Refuses To Drop Murder Charge Linked to ‘Family’

LOS ANGELES, Jan. 16 – A Superior Court judge yesterday refused to dismiss a murder charge against Robert Kenneth Beausoleil, who has been linked with the “family” of accused Tate-LaBianca slayer Charles Manson.

Judge William B. Keene continued until today proceedings on a defense move to get Beausoleil a change of venue because of extensive publicity in the Tate-LaBianca case.

Beausoleil, 21, is charged with the murder last July 25 of musician Gary Hinman 34, who was stabbed to death in his Topanga Canyon Home.

Also charged in the Hinman case is Susan Denise Atkins 21, who, in addition, is accused of conspiracy and murder in the deaths of actress Sharon Tate and six others.

Beausoleil is not accused in the Tate-LaBianca murders. However, he has been connected with the Manson family and Spahn Ranch, where Manson, Miss Atkins and four others accused of the Tate-LaBianca killings lived.

Beausoleil was in custody in the Hinman case two days before the murder at the Tate home last Aug. 9.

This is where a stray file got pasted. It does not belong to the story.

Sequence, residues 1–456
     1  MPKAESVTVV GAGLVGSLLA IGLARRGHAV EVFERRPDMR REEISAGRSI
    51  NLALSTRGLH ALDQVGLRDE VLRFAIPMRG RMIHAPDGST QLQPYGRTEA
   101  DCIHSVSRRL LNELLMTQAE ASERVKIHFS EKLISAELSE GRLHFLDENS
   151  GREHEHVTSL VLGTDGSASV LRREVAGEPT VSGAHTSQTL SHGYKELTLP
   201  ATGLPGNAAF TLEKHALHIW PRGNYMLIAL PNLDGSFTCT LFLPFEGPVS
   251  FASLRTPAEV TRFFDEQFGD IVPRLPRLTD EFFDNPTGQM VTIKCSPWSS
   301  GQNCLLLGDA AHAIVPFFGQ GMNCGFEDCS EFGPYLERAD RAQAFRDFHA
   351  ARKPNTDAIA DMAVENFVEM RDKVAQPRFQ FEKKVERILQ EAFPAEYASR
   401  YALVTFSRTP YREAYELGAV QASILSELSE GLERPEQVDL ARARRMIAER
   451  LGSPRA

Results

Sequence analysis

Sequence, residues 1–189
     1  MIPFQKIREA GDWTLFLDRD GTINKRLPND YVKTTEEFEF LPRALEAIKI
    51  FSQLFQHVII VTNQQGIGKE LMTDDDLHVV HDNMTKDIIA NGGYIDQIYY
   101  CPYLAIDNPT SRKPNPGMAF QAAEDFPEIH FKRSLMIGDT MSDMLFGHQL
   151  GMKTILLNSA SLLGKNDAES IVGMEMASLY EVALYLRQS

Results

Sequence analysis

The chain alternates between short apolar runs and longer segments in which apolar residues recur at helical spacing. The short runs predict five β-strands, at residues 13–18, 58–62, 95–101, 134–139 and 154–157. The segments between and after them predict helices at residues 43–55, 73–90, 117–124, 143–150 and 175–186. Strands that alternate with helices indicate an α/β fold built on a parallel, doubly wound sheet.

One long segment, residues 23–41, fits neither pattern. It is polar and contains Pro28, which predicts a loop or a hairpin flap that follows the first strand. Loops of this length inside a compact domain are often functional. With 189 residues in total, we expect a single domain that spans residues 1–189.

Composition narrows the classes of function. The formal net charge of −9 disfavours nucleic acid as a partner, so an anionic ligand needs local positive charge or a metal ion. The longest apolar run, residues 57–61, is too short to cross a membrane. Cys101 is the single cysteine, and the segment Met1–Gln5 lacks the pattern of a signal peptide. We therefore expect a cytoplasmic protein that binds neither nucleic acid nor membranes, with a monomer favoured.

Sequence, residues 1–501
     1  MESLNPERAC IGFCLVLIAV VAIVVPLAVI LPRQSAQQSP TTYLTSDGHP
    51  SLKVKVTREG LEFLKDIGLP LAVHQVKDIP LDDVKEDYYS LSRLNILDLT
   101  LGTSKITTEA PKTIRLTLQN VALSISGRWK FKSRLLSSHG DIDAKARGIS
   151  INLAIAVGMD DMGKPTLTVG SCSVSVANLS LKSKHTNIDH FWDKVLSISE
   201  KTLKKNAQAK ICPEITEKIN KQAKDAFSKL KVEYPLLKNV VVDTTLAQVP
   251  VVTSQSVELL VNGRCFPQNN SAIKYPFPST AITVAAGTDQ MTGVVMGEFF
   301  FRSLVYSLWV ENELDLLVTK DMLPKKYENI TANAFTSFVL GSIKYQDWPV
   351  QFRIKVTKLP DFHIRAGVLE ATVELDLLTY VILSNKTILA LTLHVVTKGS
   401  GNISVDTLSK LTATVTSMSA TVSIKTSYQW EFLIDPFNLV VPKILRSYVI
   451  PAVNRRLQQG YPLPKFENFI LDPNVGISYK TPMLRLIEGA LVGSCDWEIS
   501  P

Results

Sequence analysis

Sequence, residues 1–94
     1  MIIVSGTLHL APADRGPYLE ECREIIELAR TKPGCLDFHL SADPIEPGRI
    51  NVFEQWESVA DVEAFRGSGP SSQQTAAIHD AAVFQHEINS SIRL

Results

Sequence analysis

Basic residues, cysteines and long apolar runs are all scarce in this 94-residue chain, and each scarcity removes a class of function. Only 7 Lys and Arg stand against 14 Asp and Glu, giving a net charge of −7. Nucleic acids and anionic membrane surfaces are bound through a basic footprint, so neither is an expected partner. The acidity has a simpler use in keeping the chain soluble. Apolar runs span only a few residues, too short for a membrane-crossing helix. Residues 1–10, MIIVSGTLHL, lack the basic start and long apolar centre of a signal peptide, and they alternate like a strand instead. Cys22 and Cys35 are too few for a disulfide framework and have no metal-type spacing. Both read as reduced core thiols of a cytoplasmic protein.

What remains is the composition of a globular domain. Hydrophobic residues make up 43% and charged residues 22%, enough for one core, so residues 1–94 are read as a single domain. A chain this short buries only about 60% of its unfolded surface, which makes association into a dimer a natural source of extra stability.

Beausoleil was tried once, last November in Santa Monica, for the Hinman murder, but the jury deadlocked on a verdict. Miss Atkins’ trial in the Hinman case is set for March 11 at Santa Monica.

Dep. Public Defender Leon Salter, representing Beausoleil, told Judge Keene the motion for a change of venue would be based on “excessive coverage” by news media of the arrests of Manson and other members of his “family.”

Salter said that in Beausoleil’s first trial a witness testified about statements Beausoleil made concerning Manson.

The deputy public defender estimated the change of venue motion, to transfer Beausoleil’s trial outside Los Angeles County, would last two or three days.

However, Judge Keene said, he did not want the court’s time wasted on a lengthy motion.

Judge Keene is presently set to try the Tate-LaBianca defendants.

In the Beausoleil matter, the judge suggested that Salter and Dept. Dist. Atty. Burton Katz, the prosecutor, come up with a stipulation by today about the extent of the publicity and submit it, along with magazine and newspaper articles, to him.

Salter and Katz immediately went into conference with members of the news media, whose articles and videotapes had been subpoenaed for the change of venue motion.

Salter had asked that the murder charge against Beausoleil be dismissed on grounds that the prosecution had failed to prove its case in the first trial.

To try Beausoleil a second time, the deputy public defender asserted, would subject him to “double jeopardy.”

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